Darlene and Eric Brandt and Julie and Lance Fritz

The Brandt-Fritz Dean of Students Chair — a very first — will help Tech students become their very best.

Up until now, there has been only one endowed Dean of Students Chair in the nation — and that was at a private institution, Cornell University.

Now, through the generosity of some Georgia Tech parents — Darlene and Eric Brandt and Julie and Lance Fritz —  the Georgia Institute of Technology will be the first public university to boast an endowed Dean of Students Chair.

The commitment was announced by Georgia Tech President G.P. “Bud” Peterson at the October 27 Georgia Tech Parents Board meeting. “We are making history here today,” he underscored.

In thanking the Brandts and Fritzes, Peterson noted that their gift is not only groundbreaking, but will be life-changing. “A little extra help for some of our students can make a world of difference,” he said. “We are delighted that these families have a vision to provide much-needed support for the most vulnerable members of our student body so that they, too, can thrive and become outstanding Georgia Tech graduates equipped to do great things.”

The chair, subject to Board of Regents consideration and approval, will always be dedicated to the incumbent dean of students.


The Total Graduate

The couples committed $1.25 million each to endow the Brandt-Fritz Dean of Students Chair, which will generate an income of $100,000 a year to be used at the discretion of current Dean of Students John Stein and his successor, in perpetuity.

Before joining together to make this endowment, the main thing the four had in common was having sent their children thousands of miles away to a university whose rigor is a wellspring of pride, but also a fountainhead of apprehension. Wanting to show support for their students and also, frankly, find support themselves, the Brandts from California and the Fritzes from Nebraska joined the Georgia Tech Parents Board.

They found the community they were looking for. “This school has done a nice job of making us feel as parents that we are part of the family,” Eric Brandt said. “Better than any institution we have been involved in directly or through our other children.”

It was through the Parents Board that they got to know Vice President and Dean of Students John Stein and became aware of the role he plays in the lives of Georgia Tech students. At the helm of the Division of Student Life, Stein oversees 16 departments committed to student engagement, leadership, well-being, and success.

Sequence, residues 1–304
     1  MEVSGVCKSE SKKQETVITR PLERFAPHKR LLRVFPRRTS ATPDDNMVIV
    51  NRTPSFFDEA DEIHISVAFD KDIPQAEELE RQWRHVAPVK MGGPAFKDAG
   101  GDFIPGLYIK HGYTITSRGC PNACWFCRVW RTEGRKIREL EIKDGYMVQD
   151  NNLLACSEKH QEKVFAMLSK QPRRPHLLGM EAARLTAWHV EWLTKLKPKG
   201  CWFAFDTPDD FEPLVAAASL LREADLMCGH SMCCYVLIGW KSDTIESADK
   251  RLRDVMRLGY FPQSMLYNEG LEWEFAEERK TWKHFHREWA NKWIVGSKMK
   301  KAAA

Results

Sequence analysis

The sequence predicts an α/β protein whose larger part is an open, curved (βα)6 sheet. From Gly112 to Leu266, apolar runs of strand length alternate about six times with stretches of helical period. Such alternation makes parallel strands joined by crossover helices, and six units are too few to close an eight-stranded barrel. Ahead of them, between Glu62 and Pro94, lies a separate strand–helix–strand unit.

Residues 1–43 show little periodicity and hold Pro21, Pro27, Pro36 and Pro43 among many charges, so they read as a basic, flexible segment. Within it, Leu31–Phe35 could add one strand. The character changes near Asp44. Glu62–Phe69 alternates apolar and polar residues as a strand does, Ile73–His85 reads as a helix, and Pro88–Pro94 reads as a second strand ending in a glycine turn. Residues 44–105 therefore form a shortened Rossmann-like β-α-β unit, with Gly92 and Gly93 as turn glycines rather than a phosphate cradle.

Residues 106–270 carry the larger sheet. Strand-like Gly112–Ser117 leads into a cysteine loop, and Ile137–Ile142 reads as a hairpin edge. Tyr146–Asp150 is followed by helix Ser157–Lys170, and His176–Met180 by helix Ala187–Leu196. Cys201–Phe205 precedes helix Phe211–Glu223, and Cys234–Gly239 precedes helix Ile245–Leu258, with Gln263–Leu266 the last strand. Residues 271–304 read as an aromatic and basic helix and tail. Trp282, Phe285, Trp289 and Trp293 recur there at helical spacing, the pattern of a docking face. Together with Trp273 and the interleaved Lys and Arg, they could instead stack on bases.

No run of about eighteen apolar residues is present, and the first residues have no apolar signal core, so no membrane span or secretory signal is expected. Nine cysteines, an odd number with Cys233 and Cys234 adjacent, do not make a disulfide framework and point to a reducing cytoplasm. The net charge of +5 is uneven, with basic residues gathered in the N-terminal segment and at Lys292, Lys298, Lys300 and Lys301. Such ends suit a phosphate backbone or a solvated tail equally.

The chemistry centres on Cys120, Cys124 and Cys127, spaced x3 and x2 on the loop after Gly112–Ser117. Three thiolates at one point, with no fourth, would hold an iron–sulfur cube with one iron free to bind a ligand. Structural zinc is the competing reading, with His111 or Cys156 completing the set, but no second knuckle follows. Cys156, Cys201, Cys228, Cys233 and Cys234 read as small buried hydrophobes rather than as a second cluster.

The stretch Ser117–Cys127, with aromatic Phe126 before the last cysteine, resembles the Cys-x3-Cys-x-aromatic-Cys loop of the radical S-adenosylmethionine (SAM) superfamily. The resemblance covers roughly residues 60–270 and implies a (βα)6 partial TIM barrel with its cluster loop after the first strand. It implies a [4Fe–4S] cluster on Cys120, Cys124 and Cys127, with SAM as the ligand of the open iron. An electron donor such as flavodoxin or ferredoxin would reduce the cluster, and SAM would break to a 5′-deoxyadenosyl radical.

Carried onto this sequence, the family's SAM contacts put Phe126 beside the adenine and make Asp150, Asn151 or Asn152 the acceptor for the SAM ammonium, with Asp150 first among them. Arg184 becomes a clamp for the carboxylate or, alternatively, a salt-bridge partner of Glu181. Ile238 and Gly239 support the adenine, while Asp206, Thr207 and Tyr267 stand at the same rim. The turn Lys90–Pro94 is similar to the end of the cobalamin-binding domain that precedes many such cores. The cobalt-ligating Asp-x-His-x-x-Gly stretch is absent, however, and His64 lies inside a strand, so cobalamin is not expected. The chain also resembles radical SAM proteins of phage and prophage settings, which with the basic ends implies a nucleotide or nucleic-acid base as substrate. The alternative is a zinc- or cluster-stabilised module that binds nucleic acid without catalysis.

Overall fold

While learning about the Institute’s focus on the “total graduate,” the Brandts and Fritzes also gained a heightened awareness of the obstacles to success that many Georgia Tech students face. What spoke to them and inspired their gift, they said, were the “vulnerable populations” — students affected by problems such as homelessness, food insecurity, mental health issues, and substance abuse. 

Many of these problems have always been part of the college experience, but what is new and different to these parents is Georgia Tech’s response, which is much more proactive than what they remember from back in their college days.

“The thought processes around mental health, around support of the at-risk student, the student without a food plan, the student in recovery — that wasn’t even contemplated when we were in college,” Lance Fritz recalled. “It was more about how do you discipline them or get rid of them, not how do you embrace them and help them so they can finish their education.”


Here’s more from the Brandts and Fritzes about why they endowed the Dean of Students Chair and what they hope their gift will accomplish:

SUPPORT The quality of services provided is only as good as the resources you can put behind it — that’s one of the reasons it was important for us to make sure that there was a constant flow of meaningful funds for the dean of students to work with.

— Eric Brandt

OUTREACH We hope our gift will give the university the means to reach out to students who might not even know a lot of these resources exist — this can help take these programs that the university has worked so hard to put in place to the next level.

— Darlene Brandt

GUIDANCE At-risk students are going one of two ways — they’re either going to drop out or they’re going to be able to stay. We know how valuable a Georgia Tech education is, so if they can just get over that hump, it will make a difference for their entire lives.

— Julie Fritz

PURPOSE We are pleased that the Brandts stepped up and looked for others who could join them — what we ultimately hope is that other parents and alumni will be prompted to get engaged and give to the extent that they can.

— Lance Fritz